If turnout remains high, Steve Schale, Democratic strategists see Florida win
Joe Biden. Image via AP.

More than 9 million people will likely have cast their ballots before polls open Tuesday.

If turnout remains high like it has during pre-election returns, Democratic strategists expect Joe Biden to win Florida on Election Day and, in doing so, the 2020 Election.

As of Monday morning, nearly 9 million people have already cast ballots by mail or during in-person early voting, and ballots trickling in throughout the day should put turnout over that mark. Early turnout is already 136% of what it was in 2016 and 95% of the entire number of votes cast that year, when President Donald Trump beat Hillary Clinton in Florida and nationally.

In the final update from Mike Bloomberg-backed data analysts at Hawkfish and partners including Democratic strategist Steve Schale, experts predicted Biden could beat Trump despite the close early vote totals so far. Democrats have a 100,000 vote lead, but Republicans have 150,000 more high-propensity voters left than Democrats, said Hawkfish CEO Josh Mendelsohn.

“That should be offset by NPA voters’ higher levels of support for Joe Biden, but there are no guarantees,” he added. “It’s really going to come down to turnout on Election Day.”

“Turnout’s just been crazy,” Schale noted, with early votes already bringing turnout to 63% before Election Day.

He will be watching three areas of focus closely on Tuesday: Republican turnout, the African American vote and the youth vote.

Registered voters from both parties have turned out at about equal rates so far, with approximately 66% of Republicans and Democrats both having voted already, helping set record-breaking early turnout for a second presidential election in a row.

Republicans typically turnout in larger amounts, and they could very well pull ahead with Election Day voting, but Democrats have been motivated this year alongside Republicans. The electorate is also younger and more diverse this year, which in theory favor Democrats.

Schale is more optimistic about Biden’s chances than he was a week ago, the strategist said.

“If you had said to me, ‘Hey Schale,’ back in September, ‘You’re going to go into Election Day 100,000 voters ahead with 150,000 more high-propensity Republicans left to vote,’ I would have probably said let’s do it, I’ll take my chances with that,” he added.

The election could even be decided on Election Night in Florida, potentially securing the White House for Biden if turnout is “halfway decent” among sporadic Democrats, Schale noted. If either candidate is up by 60,000 votes, he predicted there would be no recount in the state: “Game over.”

Florida, along with other battleground states, is a win or go home state for Trump with 29 electoral votes. That’s why, said Bloomberg senior political advisor Kevin Sheekey, the billionaire and former New York City Mayor has pledged $100 million to Biden’s effort in the Sunshine State.

Bringing the battle to Florida’s airwaves would make the President fight “a land war in Asia,” a losing proposition according to the adage. Sheekey’s goal is to make Trump, who has smaller campaign coffers, fight for Florida and draw away resources from the “Blue Wall” of the Midwest.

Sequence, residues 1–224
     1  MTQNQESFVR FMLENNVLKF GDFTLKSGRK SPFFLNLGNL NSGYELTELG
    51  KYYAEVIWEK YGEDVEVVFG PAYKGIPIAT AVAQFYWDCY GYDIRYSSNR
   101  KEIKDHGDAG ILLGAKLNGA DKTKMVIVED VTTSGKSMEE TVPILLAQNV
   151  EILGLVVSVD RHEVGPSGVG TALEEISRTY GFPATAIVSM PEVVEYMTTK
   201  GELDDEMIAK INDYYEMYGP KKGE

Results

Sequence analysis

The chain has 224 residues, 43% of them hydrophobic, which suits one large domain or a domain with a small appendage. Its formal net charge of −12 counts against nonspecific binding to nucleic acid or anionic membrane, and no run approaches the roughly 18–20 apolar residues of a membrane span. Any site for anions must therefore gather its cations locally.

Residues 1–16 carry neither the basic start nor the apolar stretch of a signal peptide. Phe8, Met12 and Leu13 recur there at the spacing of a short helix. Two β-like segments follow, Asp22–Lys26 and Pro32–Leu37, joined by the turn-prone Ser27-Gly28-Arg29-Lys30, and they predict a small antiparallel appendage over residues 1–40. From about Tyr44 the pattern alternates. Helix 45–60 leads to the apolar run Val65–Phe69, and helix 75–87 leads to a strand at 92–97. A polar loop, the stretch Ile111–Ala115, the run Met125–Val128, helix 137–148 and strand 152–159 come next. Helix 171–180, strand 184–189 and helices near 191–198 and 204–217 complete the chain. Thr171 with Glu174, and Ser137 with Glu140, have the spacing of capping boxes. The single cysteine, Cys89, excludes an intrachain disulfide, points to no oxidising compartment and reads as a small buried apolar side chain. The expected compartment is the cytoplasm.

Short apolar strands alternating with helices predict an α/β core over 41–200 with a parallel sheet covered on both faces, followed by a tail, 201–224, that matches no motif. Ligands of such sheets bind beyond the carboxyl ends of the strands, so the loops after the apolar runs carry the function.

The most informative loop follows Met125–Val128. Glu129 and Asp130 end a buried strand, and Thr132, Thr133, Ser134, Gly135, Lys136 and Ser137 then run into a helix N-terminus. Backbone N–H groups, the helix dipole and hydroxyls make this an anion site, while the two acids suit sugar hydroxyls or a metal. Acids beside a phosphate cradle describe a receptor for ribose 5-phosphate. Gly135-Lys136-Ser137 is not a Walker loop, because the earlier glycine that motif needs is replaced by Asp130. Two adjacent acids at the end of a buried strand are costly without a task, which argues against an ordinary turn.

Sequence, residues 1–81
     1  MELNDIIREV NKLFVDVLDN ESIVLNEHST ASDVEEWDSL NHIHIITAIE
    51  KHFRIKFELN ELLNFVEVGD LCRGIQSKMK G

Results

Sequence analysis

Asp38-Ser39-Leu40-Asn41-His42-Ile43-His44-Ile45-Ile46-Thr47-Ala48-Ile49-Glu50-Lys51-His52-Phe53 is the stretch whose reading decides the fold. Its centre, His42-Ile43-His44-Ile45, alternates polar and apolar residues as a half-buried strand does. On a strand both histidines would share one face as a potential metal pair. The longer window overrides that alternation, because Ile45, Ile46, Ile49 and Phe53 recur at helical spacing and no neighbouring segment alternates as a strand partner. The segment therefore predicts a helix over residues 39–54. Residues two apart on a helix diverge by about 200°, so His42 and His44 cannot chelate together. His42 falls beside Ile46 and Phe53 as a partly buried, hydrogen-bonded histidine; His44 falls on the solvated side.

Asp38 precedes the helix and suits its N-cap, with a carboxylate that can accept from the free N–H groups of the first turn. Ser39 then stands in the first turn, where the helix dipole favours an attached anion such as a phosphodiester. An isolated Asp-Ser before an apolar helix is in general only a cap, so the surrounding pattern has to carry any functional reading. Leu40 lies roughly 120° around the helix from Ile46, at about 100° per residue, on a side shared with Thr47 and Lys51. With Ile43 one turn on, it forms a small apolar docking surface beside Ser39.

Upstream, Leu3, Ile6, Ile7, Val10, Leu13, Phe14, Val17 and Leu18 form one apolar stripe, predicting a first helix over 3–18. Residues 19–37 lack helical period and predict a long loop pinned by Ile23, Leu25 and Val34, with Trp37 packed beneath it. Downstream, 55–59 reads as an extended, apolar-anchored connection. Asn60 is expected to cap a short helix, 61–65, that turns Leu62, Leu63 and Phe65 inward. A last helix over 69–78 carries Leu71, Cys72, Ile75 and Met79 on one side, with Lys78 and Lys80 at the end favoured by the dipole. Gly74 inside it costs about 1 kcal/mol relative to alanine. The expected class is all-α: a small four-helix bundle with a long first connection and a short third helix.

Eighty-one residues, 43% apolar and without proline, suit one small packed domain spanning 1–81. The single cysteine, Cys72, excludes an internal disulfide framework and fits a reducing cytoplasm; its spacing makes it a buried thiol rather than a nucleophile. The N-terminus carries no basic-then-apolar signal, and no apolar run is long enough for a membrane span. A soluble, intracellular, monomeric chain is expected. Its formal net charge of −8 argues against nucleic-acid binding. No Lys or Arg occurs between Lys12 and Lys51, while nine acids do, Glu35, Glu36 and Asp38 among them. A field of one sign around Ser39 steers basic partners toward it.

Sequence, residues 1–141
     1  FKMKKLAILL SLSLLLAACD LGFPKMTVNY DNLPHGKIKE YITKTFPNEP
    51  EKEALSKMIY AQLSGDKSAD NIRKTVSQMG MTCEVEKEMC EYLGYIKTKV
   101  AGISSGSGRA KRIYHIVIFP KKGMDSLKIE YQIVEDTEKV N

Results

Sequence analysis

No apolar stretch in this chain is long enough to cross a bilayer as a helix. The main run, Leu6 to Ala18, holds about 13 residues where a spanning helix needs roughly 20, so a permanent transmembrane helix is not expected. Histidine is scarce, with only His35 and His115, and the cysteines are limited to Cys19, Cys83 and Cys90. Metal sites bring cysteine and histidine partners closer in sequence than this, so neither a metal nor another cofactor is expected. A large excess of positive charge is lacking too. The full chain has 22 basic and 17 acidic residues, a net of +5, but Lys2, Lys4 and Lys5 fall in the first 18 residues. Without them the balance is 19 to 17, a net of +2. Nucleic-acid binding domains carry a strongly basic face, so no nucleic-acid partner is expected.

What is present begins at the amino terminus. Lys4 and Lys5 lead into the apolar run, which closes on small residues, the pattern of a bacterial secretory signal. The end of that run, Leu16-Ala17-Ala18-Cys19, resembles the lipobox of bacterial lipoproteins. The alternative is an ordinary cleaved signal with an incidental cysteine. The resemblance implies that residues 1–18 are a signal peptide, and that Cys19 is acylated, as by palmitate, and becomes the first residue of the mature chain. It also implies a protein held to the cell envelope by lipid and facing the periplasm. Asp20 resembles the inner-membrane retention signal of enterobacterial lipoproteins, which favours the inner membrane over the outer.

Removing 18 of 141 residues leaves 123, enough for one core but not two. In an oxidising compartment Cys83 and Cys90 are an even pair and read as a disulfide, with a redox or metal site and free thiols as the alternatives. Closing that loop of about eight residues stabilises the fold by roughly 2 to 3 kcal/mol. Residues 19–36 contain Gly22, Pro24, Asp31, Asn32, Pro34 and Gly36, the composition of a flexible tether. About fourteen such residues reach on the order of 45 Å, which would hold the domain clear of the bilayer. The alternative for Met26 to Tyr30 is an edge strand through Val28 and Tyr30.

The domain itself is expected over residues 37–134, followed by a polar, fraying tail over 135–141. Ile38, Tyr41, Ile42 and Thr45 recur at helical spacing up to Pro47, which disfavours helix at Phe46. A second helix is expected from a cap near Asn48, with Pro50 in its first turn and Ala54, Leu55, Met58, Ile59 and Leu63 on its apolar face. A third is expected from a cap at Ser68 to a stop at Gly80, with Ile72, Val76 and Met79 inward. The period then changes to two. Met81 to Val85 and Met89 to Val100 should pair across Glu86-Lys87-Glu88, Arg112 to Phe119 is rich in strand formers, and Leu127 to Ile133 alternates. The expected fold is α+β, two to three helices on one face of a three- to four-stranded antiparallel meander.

“There is no battleground state that poses quite the impediment to Donald Trump’s reelection as Florida does,” he added. “We’re here to provide that impediment, and with any luck and with a little bit of turnout, we hope to win a narrow election tomorrow.”

Except in Miami, West Palm Beach and Fort Myers, Team Bloomberg has shifted all ads in Florida to an ad titled “New Leadership.” In Miami, the team has shifted entirely to ads featuring former President Barack Obama, doubling that ad buy with $5 million added Sunday.

In West Palm Beach and Fort Myers, they are running ads focusing on the COVID-19 pandemic as well as seniors and the economy. Spanish-language ads are on the air in Miami and Orlando.

Some Democrats have raised concerns about a widening margin among Republican voters in Miami-Dade County, where the party appears to have made inroads among Hispanic and African American voters. The GOP currently has an 8-point advantage in the county among ballots cast by party registrants when they only had a 3-point margin in 2016.

However, minority voters tend to vote day-of more frequently. Even still, Schale says Biden doesn’t have to repeat Clinton’s 2016 Latino vote margin because of his own inroads among White voters.

“If both parties are turning out good numbers of sporadic voters, that’s actually good for us, because we have more of them,” he said.

But unlike in other states, Sheekey believes there won’t be as large a share of ballots cast in Florida on Tuesday because Trump has personally endorsed Florida’s vote-by-mail system, as has Gov. Ron DeSantis.

Unlike in 2016, Schale doesn’t see red flags, but still said he wouldn’t bet $100 on Biden’s chances.

“In fairness, we’ve put a few more than $100 on the outcome,” Skeekey quipped.

Renzo Downey

Renzo Downey covers state government for Florida Politics. After graduating from Northwestern University in 2019, Renzo began his reporting career in the Lone Star State, covering state government for the Austin American-Statesman. Shoot Renzo an email at [email protected] and follow him on Twitter @RenzoDowney.


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